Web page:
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03.11.2014

A long twirling moustache, an evil laugh and a scary whip. Sujith Dilip, owner of Rambo Circus, has none of these. He is instead a jovial Malayali, who offered us cold drinks, while we sat behind ‘Asia’s largest circus tent’ currently set up at Bandra Reclamation, reminisced about Rambo’s then, and its diminished roar now.

“We are called Rambo because we always had strength in numbers. My father bought two circuses - Arena and the Grand Oriental. Together, they swelled into Rambo”.

Having been in the circus industry for over thirty years, Sujith Dilip has bred and fed tigers and lions; seen some of his best employees abandon their talents to earn a better living; cared for elephants and salvaged over three dying circuses and countless artistes.

 “There were all these stories about animals being mistreated. Why would we do that? They were our star artistes. Who would treat their main stars badly?”

But Sujith wasn’t always interested in clowning around. “I was a BSc student with my nose buried in textbooks. Then my father got very ill and I was forced to take over the reins of Rambo. I knew nothing, but learnt slowly on the job.” His science background and curious nature helped him understand the animals better. “I trained myself with National Geographic videos and information. Over time, the lions were literally eating out of my hands," he chuckles. 

Those days are over though, with the government banning the use of wild animals in circus performances. With this ban, the audience numbers at Rambo have reduced drastically over the last twenty years, we were told.  “There were all these stories about animals being mistreated. Why would we do that? They were our star artistes. Who would treat their main stars badly?”

Ringside View

Mistreated or not, we were glad to watch the wild animal-free circus show about an hour before our chat with Sujith. More expensive (for a ringside seat) than a movie ticket, Rambo’s air-conditioned tent made room for tight ropewalkers with unicycles and hula hoops; a flock of Manipuri boys with a bed of spikes (yikes); juggler sisters with 3d frames; dogs solving math problems; rubber band clowns; international contortionists; daredevils; elephants; horses and dwarves. If you're willing to brave the dust and slight grime that comes with the circus, we'd recommend it as an alternative on the weekend to that same ol' same ol' drinking plan with your buds. At three hours, it's slightly long, but you can always make your exit between acts.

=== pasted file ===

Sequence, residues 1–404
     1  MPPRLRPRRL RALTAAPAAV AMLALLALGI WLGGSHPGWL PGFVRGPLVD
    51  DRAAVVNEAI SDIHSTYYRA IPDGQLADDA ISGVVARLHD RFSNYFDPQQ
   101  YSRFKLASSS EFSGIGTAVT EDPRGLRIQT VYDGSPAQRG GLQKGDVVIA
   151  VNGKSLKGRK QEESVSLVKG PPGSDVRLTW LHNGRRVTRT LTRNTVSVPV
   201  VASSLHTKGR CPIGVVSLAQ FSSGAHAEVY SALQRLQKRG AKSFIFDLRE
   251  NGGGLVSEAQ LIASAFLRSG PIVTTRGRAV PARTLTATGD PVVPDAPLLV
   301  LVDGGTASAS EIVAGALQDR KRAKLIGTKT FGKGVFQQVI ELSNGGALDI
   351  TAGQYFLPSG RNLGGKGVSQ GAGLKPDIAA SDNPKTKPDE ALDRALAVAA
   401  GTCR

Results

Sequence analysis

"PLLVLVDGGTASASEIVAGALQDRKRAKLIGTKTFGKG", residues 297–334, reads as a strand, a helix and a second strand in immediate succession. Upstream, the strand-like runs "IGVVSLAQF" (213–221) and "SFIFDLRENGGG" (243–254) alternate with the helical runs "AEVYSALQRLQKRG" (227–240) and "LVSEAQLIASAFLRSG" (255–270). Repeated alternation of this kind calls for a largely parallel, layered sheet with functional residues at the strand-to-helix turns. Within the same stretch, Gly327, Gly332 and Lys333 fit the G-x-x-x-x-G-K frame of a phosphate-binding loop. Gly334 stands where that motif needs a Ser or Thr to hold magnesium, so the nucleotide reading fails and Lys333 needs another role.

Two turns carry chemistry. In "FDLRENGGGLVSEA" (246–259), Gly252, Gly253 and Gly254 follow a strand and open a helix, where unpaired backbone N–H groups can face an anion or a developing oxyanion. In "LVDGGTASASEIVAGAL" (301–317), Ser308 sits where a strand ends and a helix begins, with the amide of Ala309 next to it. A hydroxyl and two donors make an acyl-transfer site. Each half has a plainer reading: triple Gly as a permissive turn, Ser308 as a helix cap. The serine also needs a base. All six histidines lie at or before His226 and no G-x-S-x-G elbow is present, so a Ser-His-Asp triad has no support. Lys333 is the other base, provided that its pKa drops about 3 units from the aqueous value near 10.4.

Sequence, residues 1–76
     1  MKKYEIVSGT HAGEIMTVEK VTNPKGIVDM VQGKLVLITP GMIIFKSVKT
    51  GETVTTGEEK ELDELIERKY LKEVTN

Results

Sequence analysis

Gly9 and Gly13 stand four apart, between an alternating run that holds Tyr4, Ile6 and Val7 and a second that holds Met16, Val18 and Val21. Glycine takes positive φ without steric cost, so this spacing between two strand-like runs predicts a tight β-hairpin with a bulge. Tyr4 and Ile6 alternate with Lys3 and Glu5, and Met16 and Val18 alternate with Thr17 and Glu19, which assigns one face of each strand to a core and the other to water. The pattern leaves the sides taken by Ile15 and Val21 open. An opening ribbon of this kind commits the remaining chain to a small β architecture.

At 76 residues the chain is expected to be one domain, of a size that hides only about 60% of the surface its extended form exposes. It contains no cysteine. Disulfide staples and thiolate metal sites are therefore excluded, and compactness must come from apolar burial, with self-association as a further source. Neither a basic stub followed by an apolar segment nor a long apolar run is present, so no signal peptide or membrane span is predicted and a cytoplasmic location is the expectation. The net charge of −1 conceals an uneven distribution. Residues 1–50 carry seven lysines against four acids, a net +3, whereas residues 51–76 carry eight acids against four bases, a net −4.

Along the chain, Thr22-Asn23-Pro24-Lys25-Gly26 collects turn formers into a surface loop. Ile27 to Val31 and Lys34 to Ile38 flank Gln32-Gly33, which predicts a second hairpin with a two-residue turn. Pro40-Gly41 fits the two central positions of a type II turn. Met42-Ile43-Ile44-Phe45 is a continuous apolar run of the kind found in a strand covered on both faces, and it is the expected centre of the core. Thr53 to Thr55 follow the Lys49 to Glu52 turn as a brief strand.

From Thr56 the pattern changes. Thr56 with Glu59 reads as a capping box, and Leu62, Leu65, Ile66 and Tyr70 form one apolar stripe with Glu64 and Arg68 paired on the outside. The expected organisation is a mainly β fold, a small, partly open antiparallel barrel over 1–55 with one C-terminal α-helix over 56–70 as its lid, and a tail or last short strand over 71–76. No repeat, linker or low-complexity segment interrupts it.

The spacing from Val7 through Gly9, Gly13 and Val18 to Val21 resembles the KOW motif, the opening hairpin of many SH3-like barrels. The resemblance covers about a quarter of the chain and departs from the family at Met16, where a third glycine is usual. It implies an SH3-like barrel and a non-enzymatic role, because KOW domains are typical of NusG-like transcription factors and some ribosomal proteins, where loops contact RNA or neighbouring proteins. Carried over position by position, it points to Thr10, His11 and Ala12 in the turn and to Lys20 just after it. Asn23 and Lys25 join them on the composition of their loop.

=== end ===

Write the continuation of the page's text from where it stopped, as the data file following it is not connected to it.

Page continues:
It’s no Cirque du Soleil, but some of the performers can dazzle, making the show entertaining, and in parts, grand even. But we think the role of animals should be eliminated altogether, and so should encouraging the audience to laugh at midgets. And clowns, we’ve always found them mildly depressing.

Le Bijou

Just then as if on cue, our chat with Sujith is interrupted by Bijou the clown, also the main narrator and voice of the circus( that is conducted in Hindi), who’s there to convey an urgent message. Crisis averted, we soon start chatting with Bijou, who tells us how he ran away from home twenty years ago to join the circus. “I had to get away from home. The circus was the only place that accepted me with open arms. This is my family now.”

Despite the crowds a circus pulls, government support is lacking, they tell us. Funding, awareness and even acquiring important documents like PAN Cards and passports is difficult. “It’s only recently that I’ve been able to open bank accounts for all my artistes at Union Bank. We have no permanent address, so it becomes very difficult to process basic things,” says Sujith.

Preparations for the next show begin. Behind us, a young Russian performer walks by with his contortionist girlfriend, and asks us in Hindi if we liked the show. “These two want to get married now, Sujith tells us. But where are their documents? Which priest will marry them?  God only knows," he laughs and shakes his head.

We leave Rambo with sequins in our eyes, a fake clown nose bought at the memorabilia shop, and some tricks from Sujith that will have you jumping through hoops in no time.

The Rambo Circus In Numbers:

145 artistes.

4 elephants, 4 horses, 1 pony, 12 dogs make up the animal section.

The circus travels in three, 50 feet trucks across the country.

Rambo has travelled to over twenty countries.

Cost to feed one elephant over 2 days in Mumbai: Rs 25,000.

Cost to set up Rambo Circus in Mumbai: 60 lakh rupees.

Getting There: The Rambo Circus will be at the Bandra Reclamation grounds until December 4, tickets available on bookmyshow.com & at the venue, Rs 150-1,000, shows at 1pm, 4pm & 7pm. They will also perform at The Prithvi Theatre Festival this weekend. 

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